The 1932-D and 1932-S Washington Quarters
Laura Gardin Fraser was a very accomplished sculptress. She and her husband, James Earle Fraser, designed some of the most beautiful and important coins in U.S. history. In fact, James designed the iconic Buffalo Nickel, with its Native American chief on the obverse and American bison on the reverse.
Laura designed several classic commemorative half dollars, including the 1921 Alabama, 1922 Grant, 1922 Grant Gold Dollar and 1925 Vancouver Half Dollar. Their only joint collaboration was also a masterpiece – the Oregon Trail Commemorative Half Dollar, regarded by many as the most beautiful commemorative half dollar ever designed.
As 1932 approached, the bicentennial of the birth of George Washington, the Father or our Country, was also approaching. Numerous coins and medals were going to be struck to commemorate such an event and one of the first major competitions was for the Official Bicentennial Medal.
The official Bicentennial medal was one of the most prestigious medals to be issued that year and competition was fierce. Being 1932, male sculptors were dominant and the only female sculptor of note who entered the competition was Laura Gardin Fraser. Her entry was the favorite and easily won the competition.
Later in the year there was a competition to design the 1932 George Washington Quarter Dollar. Many noted sculptors entered the competition but again the hands-down winner was Laura Gardin Fraser’s entry.
One would think that this entry would have been the model for the 1932 Washington Quarter, but not quite! Andrew Mellon was the Secretary of Treasury and while the Commission of Fine Arts makes suggestions as to designs that they like, the Secretary of the Treasury has final approval. Whether Mellon was biased against a female designer or simply didn’t like her design, Mellon preferred a lackluster design by John Flanagan. Mellon left office in February 1932 and his replacement made suggestions for Flanagan to improve his design, but he chose not to override Mellon’s pick of Flanagan’s design. Fraser’s design for the 1932 Washington Quarter eventually were used as a design for a $5 Gold coin in 1999.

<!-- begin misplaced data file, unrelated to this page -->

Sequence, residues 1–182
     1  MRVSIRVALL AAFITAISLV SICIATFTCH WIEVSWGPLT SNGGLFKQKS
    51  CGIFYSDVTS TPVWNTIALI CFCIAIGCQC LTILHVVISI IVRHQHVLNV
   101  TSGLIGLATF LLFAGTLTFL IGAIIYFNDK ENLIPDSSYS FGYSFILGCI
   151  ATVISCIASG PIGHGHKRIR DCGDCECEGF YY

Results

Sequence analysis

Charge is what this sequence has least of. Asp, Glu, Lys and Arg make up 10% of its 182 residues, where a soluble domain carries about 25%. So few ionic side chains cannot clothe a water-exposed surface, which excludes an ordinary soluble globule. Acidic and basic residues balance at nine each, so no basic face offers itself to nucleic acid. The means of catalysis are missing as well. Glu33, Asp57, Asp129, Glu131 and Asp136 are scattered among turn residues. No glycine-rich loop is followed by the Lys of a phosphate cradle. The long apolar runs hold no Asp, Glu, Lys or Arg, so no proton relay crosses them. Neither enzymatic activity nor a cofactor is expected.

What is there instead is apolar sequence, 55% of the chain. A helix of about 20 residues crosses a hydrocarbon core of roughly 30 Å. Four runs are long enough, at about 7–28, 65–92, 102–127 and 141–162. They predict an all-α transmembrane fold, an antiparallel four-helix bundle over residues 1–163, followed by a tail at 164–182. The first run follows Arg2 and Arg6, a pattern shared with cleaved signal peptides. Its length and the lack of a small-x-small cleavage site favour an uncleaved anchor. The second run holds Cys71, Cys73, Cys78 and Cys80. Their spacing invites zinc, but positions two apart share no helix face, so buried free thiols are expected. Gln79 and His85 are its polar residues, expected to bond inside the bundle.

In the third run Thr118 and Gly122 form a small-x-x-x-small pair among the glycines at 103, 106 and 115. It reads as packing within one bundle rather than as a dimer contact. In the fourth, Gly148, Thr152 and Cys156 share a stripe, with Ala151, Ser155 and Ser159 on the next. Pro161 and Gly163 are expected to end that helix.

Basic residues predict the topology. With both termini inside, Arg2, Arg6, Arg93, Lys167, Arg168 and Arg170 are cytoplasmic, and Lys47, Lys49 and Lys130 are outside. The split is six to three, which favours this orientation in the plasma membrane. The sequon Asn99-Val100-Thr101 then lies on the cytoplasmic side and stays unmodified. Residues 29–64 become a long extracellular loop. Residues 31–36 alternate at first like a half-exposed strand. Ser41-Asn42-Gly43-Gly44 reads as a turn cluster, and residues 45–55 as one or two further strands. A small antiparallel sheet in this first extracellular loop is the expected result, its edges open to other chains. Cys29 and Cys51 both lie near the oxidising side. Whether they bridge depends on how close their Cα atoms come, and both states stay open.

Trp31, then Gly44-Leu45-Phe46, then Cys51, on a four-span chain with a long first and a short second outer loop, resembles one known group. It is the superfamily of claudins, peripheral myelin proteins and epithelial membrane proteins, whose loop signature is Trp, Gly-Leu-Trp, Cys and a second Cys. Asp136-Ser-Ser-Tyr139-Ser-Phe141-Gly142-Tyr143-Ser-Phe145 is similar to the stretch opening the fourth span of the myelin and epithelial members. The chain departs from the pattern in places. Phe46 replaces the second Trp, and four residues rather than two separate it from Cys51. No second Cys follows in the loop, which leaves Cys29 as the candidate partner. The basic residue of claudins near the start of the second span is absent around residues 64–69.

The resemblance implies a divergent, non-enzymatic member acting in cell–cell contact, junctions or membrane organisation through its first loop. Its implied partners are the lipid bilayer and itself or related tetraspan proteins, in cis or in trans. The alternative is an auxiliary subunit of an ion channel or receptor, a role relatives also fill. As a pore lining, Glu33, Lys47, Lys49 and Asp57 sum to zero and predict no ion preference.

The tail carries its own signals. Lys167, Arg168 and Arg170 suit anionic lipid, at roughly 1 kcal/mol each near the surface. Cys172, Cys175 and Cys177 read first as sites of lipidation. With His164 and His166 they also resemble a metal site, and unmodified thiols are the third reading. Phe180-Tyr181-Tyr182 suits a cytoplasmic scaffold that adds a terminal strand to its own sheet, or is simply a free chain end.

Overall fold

With the controversy over, Flanagan’s design became law and more than 6 million 1932-dated coins were struck honoring our first president. More than 5.4 million were struck in Philadelphia alone, leaving 436,000 struck at Denver and 408,000 struck in San Francisco.
Why were the branch mint mintages so small? Well, all eyes were on Philadelphia and the mint worked overtime to strike enough coins and to create enough dies to keep on striking these coins. The bicentennial of the birth of the Father of Our Country was no small event and a large number of these coins were saved as souvenirs. It was not until late October before Denver or San Francisco got their dies and began to strike their specimens, so branch mintage numbers were much lower than expected and only a fraction of what would be considered “normal.”
No quarters were struck in 1933, leading to confusion as to whether the Washington Quarter would be a regular-issue circulating coin or a special one-year commemorative coin for George Washington. After all, this was at the beginning of the Great Depression and twenty-five cents could put several meals on the table for the average American. It was hard to save a quarter given the economic turmoil in America then.
So with these extremely low mintages, the two branch mint coins became the two key date coins for the entire Washington Quarter series. Both coins are fairly equal in price in circulated grades but the 1932-D is the undisputed “scarcer coin” in uncirculated grades. Its price is 2 or 3 times the price of the 1932-S examples and current PCGS and NGC population reports bear out that the Denver coin is rarer than the San Francisco coin, attested to by the numbers of certified examples in each grade.
1932 was a very interesting year in our nation’s history and it spawned the two rarest coins in the entire Washington Quarter series.